Languages: Simplifying Communication & Unification
Because Sternbergopolis is the product of many settlers, immigrants, and native populations, many different methods of communication once divided different parts of the Continent. Today, unified as one nation, there are very few languages left, but some still remain, and some are spoken in different ways than other places that speak the same language. You can learn more about the different languages, vernaculars, and other language-related topics below. For more on communication through the use of technology, you can visit the "Technology & Communication" section.
Maylin is the second most popular language in Sternbergopolis, and has its roots in the Lerkenshardniff language. Modern-day Maylin is far different from earlier version of the language. It was an official language of Sternbergopolis until 2008, and it was a recognised language by the Federal Government until 2012. In a nationwide movement to teach everyone English and eliminate other, less common languages to break communication barriers, the 2012 Nationalism Act passed by the Assembly stated that Maylin would no longer be taught as a first language, and that school classes for students that speak English no longer be conducted in Maylin. Currently, about 3% of the total population of Sternbergopolis. is able to communicate in Maylin. Of this, 63% live in East Nickelford, and 34% live in Nickelford. 1% live in Griswold, 1% live in Persyton, and the other 1% live elsewhere. 23% of all people who speak Maylin know another language, which is usually English or Castilian.
Lerkenshardniff has its roots in some of the oldest peoples to inhabit Sternbergopolis. It is the basis for Maylin, however, there are some noticeable differences in modern Lerkenshardniff and modern Maylin. Lerkenshardniff is less polished, and more rugged. The sound of it to the average English-speaker is comparable to that of a dialect of Russian, while Maylin sounds a bit more like an Arabic. However, both utilise the same alphabet, the same grammatical structure, and are taught as a second language in the same fashion. About 1% of the population speaks Lerkenshardniff as a first language, and nearly all of these are both from Seenetro or the Idemedesa area and know English as well.
Pixeanean is a nearly dead language, as it is the least spoken major language in Sternbergopolis. Spoken by the Pixeana people of the mountain range in Seenetro or Griswold, the language is somewhat primitive, and nearly all of the native speakers know at least another language. Typically, speakers of native languages tend to learn other, more popular native languages before learning English as they are discouraged by the major differences. A national education initiative has been launched to put an end to this.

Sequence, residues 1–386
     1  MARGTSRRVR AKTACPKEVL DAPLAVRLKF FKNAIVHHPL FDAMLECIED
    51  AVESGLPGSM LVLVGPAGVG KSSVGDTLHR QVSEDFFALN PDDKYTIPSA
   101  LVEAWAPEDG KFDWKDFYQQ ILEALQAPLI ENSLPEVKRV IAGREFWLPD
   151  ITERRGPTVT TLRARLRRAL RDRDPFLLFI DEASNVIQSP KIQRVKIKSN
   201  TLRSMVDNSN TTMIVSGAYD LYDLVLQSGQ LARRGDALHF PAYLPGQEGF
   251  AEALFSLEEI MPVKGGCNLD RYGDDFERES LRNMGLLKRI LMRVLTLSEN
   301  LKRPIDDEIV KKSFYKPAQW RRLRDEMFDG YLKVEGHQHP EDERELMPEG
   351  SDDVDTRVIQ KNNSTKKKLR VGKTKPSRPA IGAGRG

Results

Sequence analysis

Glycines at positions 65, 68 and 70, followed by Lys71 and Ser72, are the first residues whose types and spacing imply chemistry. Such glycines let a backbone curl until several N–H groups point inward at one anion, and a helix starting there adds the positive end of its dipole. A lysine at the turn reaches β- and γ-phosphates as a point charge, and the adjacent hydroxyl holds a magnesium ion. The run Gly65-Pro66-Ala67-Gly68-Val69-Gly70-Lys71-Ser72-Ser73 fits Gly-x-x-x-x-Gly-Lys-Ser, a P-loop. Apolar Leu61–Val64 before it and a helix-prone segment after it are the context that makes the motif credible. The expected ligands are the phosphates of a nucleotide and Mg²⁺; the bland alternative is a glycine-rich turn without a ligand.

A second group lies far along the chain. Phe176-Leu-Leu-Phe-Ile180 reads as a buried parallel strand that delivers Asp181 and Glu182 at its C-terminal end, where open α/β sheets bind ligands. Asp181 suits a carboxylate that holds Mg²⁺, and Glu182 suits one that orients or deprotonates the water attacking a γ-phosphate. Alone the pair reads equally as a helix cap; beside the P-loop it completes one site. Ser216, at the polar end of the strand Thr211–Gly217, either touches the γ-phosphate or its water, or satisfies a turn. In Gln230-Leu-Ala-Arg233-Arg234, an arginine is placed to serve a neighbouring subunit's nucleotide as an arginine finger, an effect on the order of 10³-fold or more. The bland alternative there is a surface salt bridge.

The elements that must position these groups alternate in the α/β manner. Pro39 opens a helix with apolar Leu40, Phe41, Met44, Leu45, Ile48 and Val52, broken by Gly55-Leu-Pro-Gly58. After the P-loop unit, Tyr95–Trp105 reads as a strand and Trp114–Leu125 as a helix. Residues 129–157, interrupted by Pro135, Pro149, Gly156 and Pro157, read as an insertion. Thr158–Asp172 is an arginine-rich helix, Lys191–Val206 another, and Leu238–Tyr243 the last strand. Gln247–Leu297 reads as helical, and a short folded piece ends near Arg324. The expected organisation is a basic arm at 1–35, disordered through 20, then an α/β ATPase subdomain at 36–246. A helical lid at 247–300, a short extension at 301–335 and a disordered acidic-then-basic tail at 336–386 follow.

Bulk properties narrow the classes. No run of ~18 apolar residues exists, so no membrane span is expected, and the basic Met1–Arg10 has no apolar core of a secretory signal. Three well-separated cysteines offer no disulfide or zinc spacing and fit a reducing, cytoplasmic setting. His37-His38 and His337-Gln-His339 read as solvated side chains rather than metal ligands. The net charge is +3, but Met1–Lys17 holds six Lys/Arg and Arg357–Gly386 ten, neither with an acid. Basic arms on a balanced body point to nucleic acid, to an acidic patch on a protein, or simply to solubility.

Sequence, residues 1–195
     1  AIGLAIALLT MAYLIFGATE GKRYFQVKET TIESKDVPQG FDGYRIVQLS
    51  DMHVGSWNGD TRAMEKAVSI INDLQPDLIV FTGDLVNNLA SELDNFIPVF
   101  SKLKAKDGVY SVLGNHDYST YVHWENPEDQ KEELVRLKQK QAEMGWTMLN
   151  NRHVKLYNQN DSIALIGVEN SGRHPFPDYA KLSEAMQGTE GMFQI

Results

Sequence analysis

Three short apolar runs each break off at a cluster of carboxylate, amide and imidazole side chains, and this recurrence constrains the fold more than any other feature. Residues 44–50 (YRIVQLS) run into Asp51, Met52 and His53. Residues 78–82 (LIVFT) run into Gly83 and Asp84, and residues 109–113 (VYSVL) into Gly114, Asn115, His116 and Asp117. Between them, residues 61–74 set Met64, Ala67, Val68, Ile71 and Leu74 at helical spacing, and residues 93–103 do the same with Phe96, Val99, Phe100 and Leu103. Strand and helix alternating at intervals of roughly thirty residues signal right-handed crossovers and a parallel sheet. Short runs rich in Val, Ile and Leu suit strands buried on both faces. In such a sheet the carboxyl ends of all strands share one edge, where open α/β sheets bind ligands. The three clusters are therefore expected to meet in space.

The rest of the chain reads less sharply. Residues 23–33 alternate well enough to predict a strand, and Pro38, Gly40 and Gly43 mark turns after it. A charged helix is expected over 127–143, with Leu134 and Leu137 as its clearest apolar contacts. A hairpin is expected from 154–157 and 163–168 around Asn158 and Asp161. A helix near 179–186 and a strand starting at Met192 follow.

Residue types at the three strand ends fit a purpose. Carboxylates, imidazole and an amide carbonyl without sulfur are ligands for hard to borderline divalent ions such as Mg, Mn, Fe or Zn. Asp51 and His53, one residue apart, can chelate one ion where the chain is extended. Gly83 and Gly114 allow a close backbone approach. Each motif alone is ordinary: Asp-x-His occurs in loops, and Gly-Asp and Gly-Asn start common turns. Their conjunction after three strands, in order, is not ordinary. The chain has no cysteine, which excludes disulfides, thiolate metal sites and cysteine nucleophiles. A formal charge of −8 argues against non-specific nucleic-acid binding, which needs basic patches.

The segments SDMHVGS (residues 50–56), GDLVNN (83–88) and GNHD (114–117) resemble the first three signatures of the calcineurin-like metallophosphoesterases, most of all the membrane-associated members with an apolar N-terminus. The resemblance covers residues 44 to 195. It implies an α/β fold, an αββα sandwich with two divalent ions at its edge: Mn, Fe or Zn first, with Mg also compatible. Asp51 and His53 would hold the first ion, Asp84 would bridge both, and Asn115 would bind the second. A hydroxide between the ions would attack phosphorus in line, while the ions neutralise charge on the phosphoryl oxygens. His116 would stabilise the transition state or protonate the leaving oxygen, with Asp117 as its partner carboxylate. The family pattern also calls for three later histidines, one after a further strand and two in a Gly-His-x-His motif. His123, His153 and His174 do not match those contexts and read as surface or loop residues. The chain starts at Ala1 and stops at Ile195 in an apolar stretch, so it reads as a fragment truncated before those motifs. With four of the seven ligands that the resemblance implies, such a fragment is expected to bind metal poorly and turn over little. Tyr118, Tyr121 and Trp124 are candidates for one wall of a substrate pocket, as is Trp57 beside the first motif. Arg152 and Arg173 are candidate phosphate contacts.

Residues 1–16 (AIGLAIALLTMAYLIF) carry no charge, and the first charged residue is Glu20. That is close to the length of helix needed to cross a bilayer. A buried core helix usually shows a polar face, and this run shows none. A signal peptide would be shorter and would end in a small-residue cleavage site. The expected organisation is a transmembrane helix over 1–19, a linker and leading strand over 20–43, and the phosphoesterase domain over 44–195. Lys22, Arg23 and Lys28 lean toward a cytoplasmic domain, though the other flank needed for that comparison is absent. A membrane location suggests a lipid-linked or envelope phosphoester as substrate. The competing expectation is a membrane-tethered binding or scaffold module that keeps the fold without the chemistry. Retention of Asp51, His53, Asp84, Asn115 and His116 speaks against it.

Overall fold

English is obviously the most commonly spoken language in Sternbergopolis, and the only official language that the government recognises. Most people speak it as a first language, and most people who don't speak English at first end up learning it eventually in their lives. English first arrived in the 1400s with settlers though it was not the first language (see Castilian below). In Sternbergopolis, there were no traditional English language grammatical rules and structures to abide by as in most other English-speaking countries, so the language was governed by a loose set of de facto rules that often meshed the different cultures of different English-speaking countries. In an attempt to minimise confusion and differentiate our language and culture from that of others, Sternbergopolis decided to adopt and begin using the version of English used in the United Kingdom and a few countries in the Commonwealth Realm, most notably Canada. However, in the west, the version of English varies greatly in both spelling, grammar, and pronunciation from that of the east.
Castilian (more commonly known to both Earth and the English-speaking world in general as Spanish, is the third most common language in Sternbergopolis, and the most common second language in Sternbergopolis. It was the first language of the settlers to arrive in the 15th century, and was the native tongue of Seymour Persyton, who may have had origins in Castilia, or Spain. It is commonly spoken in the east, and the version spoken is closely associated with the version traditionally spoken in Spain, with the exception of a looser pronunciation of the alphabet, and some Maylin and English words have worked their way into the vernacular. Spanish is a romance language, learned and enjoyed by many for both communication purposes with the Latino population, and for fun. In 2010, it was announced that President Sternberg was taking classes to learn how to speak Castilian.